Female Genital Mutilation (FGM) - The Important Statistics

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Female Genital Mutilation (FGM) - The Important Statistics

Although the law has recently been bolstered to reduce the incidence of FGM of young girls it may be some while before we see a reduction in the number of young women suffering at the hands of the cutters. In the meantime, statistics released by the Health and Social Care Information Centre reveal the extent of young girls being cut, without medical justification for doing so.

The most recent results cover the period April 2015 to 2016, which rely on 112 NHS Trusts and 38 GP practices providing data. Those reports show 5,702 newly recorded cases of FGM in the period identified. More than half of the cases related to women and girls living in the London area.  Nearly half of the girls cut were between the ages of 5 and 9 years.

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Reporting FGM

Interestingly, self-report was the most frequent method of FGM identification, accounting for 73% of all cases.   Had it not been for pregnancy (87%) one wonders if those young women would have volunteered their physical mutilation. Hopefully the recent legislation changes will result in reports being made by professionals, who now have a duty to report where they observe physical signs of cutting.

An analysis of FGM in UK communities

It has previously been stated that many of the girls cut come from Africa and this is demonstrated in the latest statistics, with 90% of the women and girls being born in Africa and 6% in Asia. Somalia accounts for more than one-third of all newly recorded women and girls, alongside Eritrea, Sudan, Nigeria and Gambia being accounting for large volumes. Whilst it may be thought that most victims will have been born abroad, 43 of the cases were of girls born in the UK.   Furthermore, 18 of those girls were cut in the UK.  It is therefore worrying that practices are continuing despite a change of cultural and statutory influence.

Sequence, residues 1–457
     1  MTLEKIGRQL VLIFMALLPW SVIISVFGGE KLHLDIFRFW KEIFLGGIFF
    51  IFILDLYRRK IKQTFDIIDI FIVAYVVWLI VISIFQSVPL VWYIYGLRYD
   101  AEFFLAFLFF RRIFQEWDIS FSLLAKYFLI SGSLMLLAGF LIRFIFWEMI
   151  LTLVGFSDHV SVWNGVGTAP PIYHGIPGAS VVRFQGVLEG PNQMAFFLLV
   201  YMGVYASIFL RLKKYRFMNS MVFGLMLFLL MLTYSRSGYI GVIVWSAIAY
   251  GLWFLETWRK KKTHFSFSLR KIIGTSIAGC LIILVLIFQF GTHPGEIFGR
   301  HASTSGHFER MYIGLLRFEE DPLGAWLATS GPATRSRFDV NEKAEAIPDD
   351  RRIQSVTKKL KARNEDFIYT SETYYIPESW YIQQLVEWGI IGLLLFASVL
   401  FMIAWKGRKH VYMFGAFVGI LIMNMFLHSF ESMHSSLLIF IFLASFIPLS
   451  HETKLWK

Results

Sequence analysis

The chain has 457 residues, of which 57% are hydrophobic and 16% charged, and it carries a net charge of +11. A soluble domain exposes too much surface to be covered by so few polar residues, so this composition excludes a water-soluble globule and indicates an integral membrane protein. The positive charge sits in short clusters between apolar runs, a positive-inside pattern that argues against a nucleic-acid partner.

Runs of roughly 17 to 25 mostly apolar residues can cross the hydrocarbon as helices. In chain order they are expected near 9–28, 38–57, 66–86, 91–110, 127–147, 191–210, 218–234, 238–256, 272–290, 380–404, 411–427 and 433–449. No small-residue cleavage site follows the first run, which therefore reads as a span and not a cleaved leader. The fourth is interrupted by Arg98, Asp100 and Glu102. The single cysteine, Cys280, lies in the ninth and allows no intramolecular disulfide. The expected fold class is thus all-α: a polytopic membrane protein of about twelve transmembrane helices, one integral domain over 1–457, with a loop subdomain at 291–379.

These statistics are alarming, particularly those where the girls have been born in the UK and the FGM has been carried out here. Hopefully the Serious Crime Act 2015, making it a duty for specific professionals to make a report to the police, where either the girl informs the professional that they have been subjected to FGM or they observe physical signs appearing to show that a girl has been mutilated, will help to reduce and ultimately eliminate this dreadful crime.

Continuing to expose the incidence of FGM will help raise the profile of the issue and deter those who would cut girls.   Public Health and Innovation Minister Nicola Blackwood said:

FGM devastates lives, and we are committed to ending this abusive practice.

Too often FGM is a hidden crime so to help us do this, we must know the scale of the problem which is why we are collecting data on FGM across the NHS.

This means we can protect those at risk, provide support to survivors and ultimately end this crime once and for all.

If you or someone you know has suffered by FGM, that person may be entitled to compensation. Such compensation may help the girl recover from the effects of the treatment, particularly if private medical care is available to maximise rehabilitation, both in physical and psychological terms.

Contact our child abuse solicitors today. We offer a No-Win No-Fee Agreement so there is no financial risk involved if you are not successful. To discuss your case or to make an appointment please contact us on 0333 123 9099. Alternatively, please email us at enquiries@ibbclaims.co.uk or complete our online form

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